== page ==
Spotted lanternflies on a tree

Spotted Lanternfly Management for Delaware Homeowners

September 15, 2021 Written by Katie Young and Brian Kunkel

(Updated March 2023)*


If you live in northern Delaware, you have, by now, seen a new insect hopping and flying about — the spotted lanternfly. Although vibrant and beautiful, these little critters are causing mayhem for homeowners and farmers alike. Here’s what you can do.


A party in your backyard

Spotted lanternflies can kill or cause significant problems for fruit crops, grapevines and hops. They have not, however, been demonstrated to kill trees or shrubs. But that doesn’t mean Delaware’s homeowners are out of the woods. 

The insects’ feeding may cause weeping wounds on various host trees, including tree-of-heaven grapes, apples, stone fruits, walnuts, willows and maples. The sap from these wounds, in conjunction with an excretion from the lanternfly itself — politely referred to as “honeydew” — leaves a greyish or blackish sticky trail that can attract ants and stinging insects such as wasps to your backyard.

In the fall, their greyish-brown egg masses may be laid on host tree trunks and branches, causing branch dieback or wilting.


Management options

Spring, summer and fall

In the late spring, summer and fall, you have a few options to control the spotted lanternflies in the nymphal and adult stages.

From mid-April through July, nymphs are present before transforming into adults in late July and August. Mating and laying egg masses begin in September.*

  1. Choose insecticidal soap: You’ll have to hit the lanternflies directly to kill them, but insecticidal soap can be an effective and less broadly toxic form of control. It’s best to avoid hitting flowers directly with the spray as it may cause burn on the petals.

  2. Use broad-spectrum insecticides. Broad-spectrum insecticides, specifically those that contain bifenthrin have two benefits: they kill on contact with toxicity effects that can last about two weeks and wash away in the rain. It is important to note, however, that they are toxic to most aquatic organisms and insects — the good, the bad and the ugly. We urge the cautious and conservative use of these insecticides to help #SaveTheBees and other beneficial insects.

  3. Apply systemics. Insecticides can be applied as soil drenches any time after the plants have bloomed. These systemics make plants toxic to the insects that eat them. However, research is occurring to see what impact these systemics have on pollinators, so they should be used sparingly with caution.

  4. Use circle traps. Directions on how to make one are available on the DDA website. Please note, it is no longer advised to use sticky tree bands for SLF maintenance.*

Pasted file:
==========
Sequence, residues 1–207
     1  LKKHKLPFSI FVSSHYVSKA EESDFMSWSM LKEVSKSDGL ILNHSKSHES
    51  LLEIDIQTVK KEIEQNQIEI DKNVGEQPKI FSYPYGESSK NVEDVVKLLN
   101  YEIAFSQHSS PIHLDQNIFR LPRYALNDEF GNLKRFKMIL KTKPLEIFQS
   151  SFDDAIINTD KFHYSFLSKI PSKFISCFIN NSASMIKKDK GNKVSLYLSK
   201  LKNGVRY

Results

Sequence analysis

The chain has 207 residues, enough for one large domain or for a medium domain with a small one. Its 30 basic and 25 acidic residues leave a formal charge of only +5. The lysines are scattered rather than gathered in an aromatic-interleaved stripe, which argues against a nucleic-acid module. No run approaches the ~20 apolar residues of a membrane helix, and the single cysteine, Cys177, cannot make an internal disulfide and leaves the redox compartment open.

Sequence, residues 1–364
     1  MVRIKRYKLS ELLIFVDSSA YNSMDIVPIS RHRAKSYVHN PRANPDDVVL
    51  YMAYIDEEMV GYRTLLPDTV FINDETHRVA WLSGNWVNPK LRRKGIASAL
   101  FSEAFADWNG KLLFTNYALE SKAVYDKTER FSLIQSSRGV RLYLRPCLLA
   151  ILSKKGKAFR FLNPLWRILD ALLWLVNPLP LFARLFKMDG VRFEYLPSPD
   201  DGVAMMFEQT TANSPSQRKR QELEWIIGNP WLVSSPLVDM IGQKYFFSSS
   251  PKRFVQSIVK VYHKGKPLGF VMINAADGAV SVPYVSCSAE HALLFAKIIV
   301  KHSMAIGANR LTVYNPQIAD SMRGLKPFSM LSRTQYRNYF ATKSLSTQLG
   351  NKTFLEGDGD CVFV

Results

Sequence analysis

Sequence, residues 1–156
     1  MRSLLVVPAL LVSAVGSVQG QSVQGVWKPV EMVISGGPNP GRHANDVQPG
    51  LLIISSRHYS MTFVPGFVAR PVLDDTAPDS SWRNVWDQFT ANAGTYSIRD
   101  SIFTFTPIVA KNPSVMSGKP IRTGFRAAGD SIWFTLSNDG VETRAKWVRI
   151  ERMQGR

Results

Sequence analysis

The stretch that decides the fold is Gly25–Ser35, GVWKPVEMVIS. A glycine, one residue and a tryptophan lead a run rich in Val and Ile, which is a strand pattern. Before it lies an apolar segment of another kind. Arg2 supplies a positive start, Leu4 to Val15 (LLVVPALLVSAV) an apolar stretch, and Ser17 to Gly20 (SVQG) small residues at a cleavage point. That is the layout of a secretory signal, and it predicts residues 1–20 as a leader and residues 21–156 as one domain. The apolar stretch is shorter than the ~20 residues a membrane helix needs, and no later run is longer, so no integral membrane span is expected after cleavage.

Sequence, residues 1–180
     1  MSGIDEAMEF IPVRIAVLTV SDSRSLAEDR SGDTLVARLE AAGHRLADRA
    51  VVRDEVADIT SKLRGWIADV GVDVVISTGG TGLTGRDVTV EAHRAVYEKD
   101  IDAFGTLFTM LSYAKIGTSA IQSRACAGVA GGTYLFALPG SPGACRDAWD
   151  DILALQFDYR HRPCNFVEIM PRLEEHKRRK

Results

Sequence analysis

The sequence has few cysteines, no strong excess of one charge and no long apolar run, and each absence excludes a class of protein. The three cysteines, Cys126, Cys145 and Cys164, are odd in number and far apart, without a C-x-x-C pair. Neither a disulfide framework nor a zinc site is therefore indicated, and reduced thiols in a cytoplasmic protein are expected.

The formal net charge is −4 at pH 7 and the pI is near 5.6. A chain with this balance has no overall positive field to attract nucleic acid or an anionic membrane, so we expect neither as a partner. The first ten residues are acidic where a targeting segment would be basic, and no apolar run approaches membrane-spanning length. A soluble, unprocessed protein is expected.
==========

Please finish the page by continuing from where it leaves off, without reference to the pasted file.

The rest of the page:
5. Call an expert. If you have a particularly tricky situation or large infestation, it may be time to talk to an exterminator who can help you develop a game plan to tackle your specific problem.

  6. Check your vehicles, outdoor equipment, boats, lumber and firewood. Each of these are common surfaces that transport lanternflies to new areas. If you are in a quarantined area, please be considerate to check for lanternflies and their egg masses when traveling. If camping in a quarantined area, consider going through a car wash before returning home, lest you take the party back to your yard!




Winter and spring

In the winter and early spring, the news is good. It’s even simpler to manage spotted lanternflies. If you’re feeling overwhelmed with managing this pest in your yard, we recommend starting here. 

Mating and laying egg masses begin in September and is completed by December. From the first hatch until hard frosts kill off adult spotted lanternfly, human-mediated dispersal is critical.*


  1. Remove their eggs from all outdoor surfaces. In winter and early spring, the best thing you can do is look for spotted lanternfly eggs. But here’s the catch; they’re notoriously difficult to notice — good for the insects, not so good for us.

    Spotted lanternfly eggs look like a simple smudge of brownish-grey dirt, several inches in length and an inch or two wide. These will begin to appear in late fall on common outdoor surfaces like trees, pavement and yes, even your lawn furniture. Just underneath this top layer of “dirt” sit several rows of eggs, all in a line. For this reason, late fall through early spring is an important time for lanternfly management. By removing a single egg case “smudge,” you are destroying the eggs of 30-50* potential lanternflies and helping reduce the population without much work.

    To destroy the egg cases, simply take a scraping object — credit cards and ice scrapers work just fine — and scrape the entire egg mass into a container with rubbing alcohol. This ensures that no eggs survive removal. If you have nothing to scrape an egg mass into, the best thing is to smoosh and then scrape the egg mass to destroy all the individual eggs.* So as you're out and about in your yard as the months turn cold, save yourself some time, effort and money next summer by preventing the next generation of lanternflies from even hatching!

  2. Spray egg masses with the dormant rate of horticultural oil. This will reduce the number of egg masses that hatch in the Spring. Horticultural oil can be found at your local lawn and garden center.


Managing spotted lanternflies (Winter and Spring)

Youtube video on removing SLF eggs from surfaces in winter:


When in doubt

Have a question about spotted lanternflies? Let us know! Cooperative Extension is here to help connect you with expert assistance you need. Get started by submitting a question through our Ask Extension portal.

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